The Shaw cast is solid as usual. The male parts are minor but well handled by Powell, Bogert-O'Brien, Marriott and Wright. Dzialoszynski and Underhay are formidable, two determined, powerful women intent on getting their own way. Society and it's rules, cleverly enunciated by Holmes at the start of the play, remains their only impediment.
Running time is approximately 2 hours and 30 minutes including one intermission. Mrs. Warren's Profession, by Bernard Shaw. Directed by Eda Holmes. At the Royal George Theatre until Oct. 16.
The program notes are always enriching at Shaw and are as follows-
Plus ça change... by Leonard Conolly
It was the French critic and novelist Jean-Baptiste Alphonse Karr who coined the phrase (in 1849) "Plus ça change, plus c'est la même chose" ("The more things change, the more they stay the same"). It's a very useful epigram to keep in mind when thinking about Shaw. It's too easy to dismiss the issues raised in plays written a century ago as no longer relevant today; we have, after all, progressed, we know better. Have we? Do we? Take, for example, Shaw's first three plays. His first, Widowers' Houses, completed in 1892, exposes the slum landlords of London and the corrupt property deals that sustain them. It shows landlords, protected by a veneer of "middle-class respectability," says Shaw, "fattening on the poverty of the slum as flies fatten on filth." His second play, The Philanderer, completed in 1893, lays bare, as Shaw puts it, "the grotesque sexual compacts made by men and women" under outdated, restrictive, and (particularly from a woman's point of view) oppressive marriage and divorce laws. And his third play, Mrs Warren's Profession (also 1893) uncovers the root causes of one of the scourges of late Victorian society: prostitution (though the word itself is never uttered in the play). Turning conventional Victorian morality on its head, Shaw refuses to condemn Mrs Warren for becoming a prostitute (and subsequently a successful international brothel entrepreneur), and puts the responsibility squarely on society as a whole for tolerating an economic and social structure that is so biased against women that prostitution is one of the few viable ways they have of gaining some semblance of independent financial security.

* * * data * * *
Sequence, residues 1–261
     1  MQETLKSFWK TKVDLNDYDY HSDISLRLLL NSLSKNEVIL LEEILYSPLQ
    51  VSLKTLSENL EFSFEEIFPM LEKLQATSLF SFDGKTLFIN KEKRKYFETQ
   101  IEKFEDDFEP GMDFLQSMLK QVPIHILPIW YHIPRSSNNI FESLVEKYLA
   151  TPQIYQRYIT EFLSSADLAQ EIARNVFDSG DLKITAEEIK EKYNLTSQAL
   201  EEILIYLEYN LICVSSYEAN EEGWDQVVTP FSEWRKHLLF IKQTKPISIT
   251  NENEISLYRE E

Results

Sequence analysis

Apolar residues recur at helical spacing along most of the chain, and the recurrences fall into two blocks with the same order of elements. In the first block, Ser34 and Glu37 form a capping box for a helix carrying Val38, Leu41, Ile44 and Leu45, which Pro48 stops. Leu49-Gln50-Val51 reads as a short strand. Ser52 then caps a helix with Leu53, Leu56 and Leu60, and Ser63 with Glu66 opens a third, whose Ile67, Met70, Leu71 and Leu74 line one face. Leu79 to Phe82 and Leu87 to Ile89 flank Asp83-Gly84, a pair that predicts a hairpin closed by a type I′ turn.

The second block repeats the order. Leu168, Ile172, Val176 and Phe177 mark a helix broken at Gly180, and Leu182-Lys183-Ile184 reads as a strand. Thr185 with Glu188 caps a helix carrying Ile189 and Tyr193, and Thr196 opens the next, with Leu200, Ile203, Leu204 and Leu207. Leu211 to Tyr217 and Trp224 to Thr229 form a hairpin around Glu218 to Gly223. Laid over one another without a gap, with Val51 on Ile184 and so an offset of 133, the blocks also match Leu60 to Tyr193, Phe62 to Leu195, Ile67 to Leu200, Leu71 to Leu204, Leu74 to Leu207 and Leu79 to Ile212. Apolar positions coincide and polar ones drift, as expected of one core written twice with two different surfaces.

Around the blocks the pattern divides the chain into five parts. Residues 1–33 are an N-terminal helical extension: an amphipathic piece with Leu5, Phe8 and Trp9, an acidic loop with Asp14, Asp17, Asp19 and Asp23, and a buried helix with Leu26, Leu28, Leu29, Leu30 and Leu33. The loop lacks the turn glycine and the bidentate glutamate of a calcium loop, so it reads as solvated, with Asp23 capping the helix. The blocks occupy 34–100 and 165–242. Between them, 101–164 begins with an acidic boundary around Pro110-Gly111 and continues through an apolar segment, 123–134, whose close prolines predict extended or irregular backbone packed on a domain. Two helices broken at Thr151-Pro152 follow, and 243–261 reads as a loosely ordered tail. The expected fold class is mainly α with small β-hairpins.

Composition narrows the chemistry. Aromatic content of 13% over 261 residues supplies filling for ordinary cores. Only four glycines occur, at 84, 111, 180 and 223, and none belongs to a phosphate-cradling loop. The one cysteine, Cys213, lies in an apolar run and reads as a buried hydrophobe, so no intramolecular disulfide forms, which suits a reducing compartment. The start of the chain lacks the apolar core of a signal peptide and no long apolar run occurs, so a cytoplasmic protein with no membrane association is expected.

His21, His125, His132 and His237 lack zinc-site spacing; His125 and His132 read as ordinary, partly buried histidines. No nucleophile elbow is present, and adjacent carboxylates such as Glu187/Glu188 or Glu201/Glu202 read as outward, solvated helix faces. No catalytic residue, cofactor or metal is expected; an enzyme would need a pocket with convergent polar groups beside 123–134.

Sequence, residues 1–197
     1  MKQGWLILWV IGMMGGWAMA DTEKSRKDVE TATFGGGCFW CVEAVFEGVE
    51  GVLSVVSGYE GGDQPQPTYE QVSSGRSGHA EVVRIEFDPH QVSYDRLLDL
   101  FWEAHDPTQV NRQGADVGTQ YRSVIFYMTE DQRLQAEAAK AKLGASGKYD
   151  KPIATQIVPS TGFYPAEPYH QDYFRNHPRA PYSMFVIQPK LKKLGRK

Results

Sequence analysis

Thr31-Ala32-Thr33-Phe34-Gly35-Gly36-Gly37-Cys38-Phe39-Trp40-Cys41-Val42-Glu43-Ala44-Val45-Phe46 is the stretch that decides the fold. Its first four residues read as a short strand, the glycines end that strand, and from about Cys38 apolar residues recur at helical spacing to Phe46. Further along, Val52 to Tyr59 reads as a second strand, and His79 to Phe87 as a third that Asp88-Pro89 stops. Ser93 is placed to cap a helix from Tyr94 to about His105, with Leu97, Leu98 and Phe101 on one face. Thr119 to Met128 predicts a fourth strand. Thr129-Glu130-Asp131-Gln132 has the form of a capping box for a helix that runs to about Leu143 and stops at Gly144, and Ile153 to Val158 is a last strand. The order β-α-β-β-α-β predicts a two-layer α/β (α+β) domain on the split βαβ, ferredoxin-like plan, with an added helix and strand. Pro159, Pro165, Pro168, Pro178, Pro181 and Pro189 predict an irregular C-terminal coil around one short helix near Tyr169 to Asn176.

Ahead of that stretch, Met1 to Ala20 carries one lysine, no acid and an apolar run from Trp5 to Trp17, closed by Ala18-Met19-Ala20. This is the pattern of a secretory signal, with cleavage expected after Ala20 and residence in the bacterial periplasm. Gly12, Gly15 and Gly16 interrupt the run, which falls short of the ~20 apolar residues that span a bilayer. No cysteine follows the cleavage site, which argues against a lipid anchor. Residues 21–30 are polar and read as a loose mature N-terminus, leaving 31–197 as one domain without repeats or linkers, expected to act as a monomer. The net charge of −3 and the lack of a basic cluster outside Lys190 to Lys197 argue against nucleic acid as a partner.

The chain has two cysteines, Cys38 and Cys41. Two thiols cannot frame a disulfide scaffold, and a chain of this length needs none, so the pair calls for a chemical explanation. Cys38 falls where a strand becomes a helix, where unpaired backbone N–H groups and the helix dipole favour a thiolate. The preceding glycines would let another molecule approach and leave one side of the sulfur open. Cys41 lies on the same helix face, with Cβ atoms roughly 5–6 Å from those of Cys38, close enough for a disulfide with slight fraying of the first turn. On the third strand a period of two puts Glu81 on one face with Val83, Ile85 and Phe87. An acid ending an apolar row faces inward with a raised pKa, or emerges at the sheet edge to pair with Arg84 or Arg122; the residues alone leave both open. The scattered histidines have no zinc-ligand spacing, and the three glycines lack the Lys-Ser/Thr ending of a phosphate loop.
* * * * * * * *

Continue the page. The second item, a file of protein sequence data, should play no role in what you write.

Has the housing problem in London (and many other cities in the world) been solved? Hardly. If anything, it's getting worse. A recent report (in The Guardian, January 1, 2016) revealed the extent to which inflated house prices have created a critical shortage of affordable homes, forcing thousands of people to sleep on the streets (7,500 a night, according to the Guardian report - that's about half the population of Niagara-on-the-Lake). Have marriage laws become more liberal than those denounced by Shaw? Yes, they have - but not universally. Even Shaw would have been amazed (and delighted) that same-sex marriage, for example, is now legal in much of Europe and North America. But cultural and religious practices in many parts of the world still condone forced marriages and oppose a woman's right to escape marriage, however unbearable it has become.
As for prostitution, women's opportunities to shape their own lives (professional and personal) and so eschew prostitution as a livelihood have, thank goodness, markedly improved since Shaw wrote Mrs Warren's Profession (an improvement for which Shaw, an indefatigable advocate of women's rights, can take some credit). But that's not true for all women, of course. Certainly not for those thousands of women - mostly migrant Europeans - who now work in London's sex trade. A controversial 2008 study by the Poppy Project (an organization that supported trafficked women, since closed because of withdrawal of government funding) identified 921 brothels in London (masquerading as massage parlours, saunas, and so on), run by a sordid menagerie of pimps and procurers; 33 of the brothels were located in Westminster, close to the Houses of Parliament.